-ekphrastic mode (a mode based on putting visual art into words)
-juxtaposing uncommon objects

representative poets: Barbara Guest, Kenneth Koch, Frank O'Hara, and John Ashbery

poem examples: ""The Blue Stairs," by Guest, "One Train May Hide Another" by Koch, ""In Memory of My Feelings" by O'Hara, and "The Painter" by
time period: 1965-1975

historical events:
-the height of the Civil Rights Movement
-assassination of Malcolm X
-Black Panthers in Oakland

defintion: often associated with the Black Power movement, poets of this time period wrote poems that were aggressive/powerful, politically charged, and challenged the white establishment

characteristics/key phrases:
-strong/aggressive diction
-reference to disgust of politics of the time period
-promote individuality and importance of black arts

representative poets: Gwendolyn Brooks, Amiri Baraka, Sonia Sanchez, and Ntozake Shange

poem examples: "We Real Cool" by Brooks, "Black Art," by Baraka, "Malcolm" by Sanchez, and "For Colored Girls Who Have Considered Suicide When the Rainbow is Enuf" by Shange
Symbolists-Influenced Poets Who Wrote in English
time period: Began in France mid-17th century-beginning of 20th century

historical events:
-Empiricism, such as practiced by President Roosevelt, threatened to oncover all of the world's secrets
-widespread capitalism made man a "cog" in the machinery of a society focused on materialism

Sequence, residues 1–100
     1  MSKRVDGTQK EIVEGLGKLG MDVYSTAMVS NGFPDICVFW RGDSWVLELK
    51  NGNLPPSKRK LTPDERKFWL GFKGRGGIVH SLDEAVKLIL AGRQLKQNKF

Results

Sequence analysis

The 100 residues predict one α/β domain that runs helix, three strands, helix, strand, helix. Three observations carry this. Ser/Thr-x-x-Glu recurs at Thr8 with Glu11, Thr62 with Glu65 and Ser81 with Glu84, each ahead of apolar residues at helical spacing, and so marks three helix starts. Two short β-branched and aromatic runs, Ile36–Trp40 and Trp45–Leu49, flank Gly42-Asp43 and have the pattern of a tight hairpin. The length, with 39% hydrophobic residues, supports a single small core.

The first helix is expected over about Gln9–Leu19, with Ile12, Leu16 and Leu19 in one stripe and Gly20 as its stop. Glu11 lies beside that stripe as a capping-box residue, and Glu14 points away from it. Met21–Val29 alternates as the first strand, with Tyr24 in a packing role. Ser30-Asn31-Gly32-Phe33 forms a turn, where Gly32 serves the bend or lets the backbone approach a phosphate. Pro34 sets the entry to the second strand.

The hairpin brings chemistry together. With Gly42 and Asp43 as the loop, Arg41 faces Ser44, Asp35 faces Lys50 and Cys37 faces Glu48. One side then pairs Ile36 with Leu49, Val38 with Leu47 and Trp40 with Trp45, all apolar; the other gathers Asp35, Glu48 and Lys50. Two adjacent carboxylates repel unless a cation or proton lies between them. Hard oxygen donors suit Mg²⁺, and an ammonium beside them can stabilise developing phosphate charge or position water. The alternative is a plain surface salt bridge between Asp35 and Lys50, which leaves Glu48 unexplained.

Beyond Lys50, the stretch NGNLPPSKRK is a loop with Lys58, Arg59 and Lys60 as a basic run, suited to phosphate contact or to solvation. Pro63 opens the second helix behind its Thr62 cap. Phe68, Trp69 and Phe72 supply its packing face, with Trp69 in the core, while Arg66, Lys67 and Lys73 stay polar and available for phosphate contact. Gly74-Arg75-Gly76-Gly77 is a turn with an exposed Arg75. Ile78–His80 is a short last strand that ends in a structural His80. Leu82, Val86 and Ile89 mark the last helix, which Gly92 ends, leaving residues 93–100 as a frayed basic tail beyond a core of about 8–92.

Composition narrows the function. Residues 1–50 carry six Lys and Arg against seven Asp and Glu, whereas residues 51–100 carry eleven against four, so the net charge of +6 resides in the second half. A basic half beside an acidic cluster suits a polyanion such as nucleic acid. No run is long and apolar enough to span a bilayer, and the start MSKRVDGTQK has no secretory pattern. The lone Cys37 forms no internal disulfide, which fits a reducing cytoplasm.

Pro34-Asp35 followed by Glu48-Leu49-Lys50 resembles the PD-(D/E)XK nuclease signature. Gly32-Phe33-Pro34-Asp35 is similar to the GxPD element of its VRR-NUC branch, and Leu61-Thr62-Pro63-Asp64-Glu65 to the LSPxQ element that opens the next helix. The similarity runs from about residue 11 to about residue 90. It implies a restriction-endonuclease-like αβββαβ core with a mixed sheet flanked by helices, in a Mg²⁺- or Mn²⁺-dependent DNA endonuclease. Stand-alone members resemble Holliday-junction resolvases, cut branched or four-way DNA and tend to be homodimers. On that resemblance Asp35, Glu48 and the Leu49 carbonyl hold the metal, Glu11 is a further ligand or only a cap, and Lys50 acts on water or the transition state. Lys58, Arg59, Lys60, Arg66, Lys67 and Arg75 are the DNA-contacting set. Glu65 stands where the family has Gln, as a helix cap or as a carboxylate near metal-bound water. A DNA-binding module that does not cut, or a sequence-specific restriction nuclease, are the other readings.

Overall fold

defintion: see French symoblists

characteristics/key phrases: see French symoblists

representative poets: Oscar Wilde, W.B. Yeats, Arthur Symons, and T.S. Eliot

Poem examples: ""Leda and the Swan" and "Towards the Break of Day" by Yeats, "The Road Not Taken" by Robert Frost, and "The Song of J. Alfred Prufrock" by Elliot
The End

Good luck on the test!
Black Mountain Poets
time period: second half of 20th century

historical events: see postmodernists

defintion: writers taught in the same place, Black Mountain College in Black Mountain, North Carolina, shared an interest in process over product

characteristics/key phrases:
-their characteristics vary: Olsen's poems spill across the page, Creely's poems compresses lines into tight corners, and Levertov often tackles political issues head-on

representative poets: Charles Olsen, Denise Levertov, and Robert Creely

Poem examples:
"The Maximus Poems" by Olson, "The Mutes" by Levertov, and "Age" by Creeley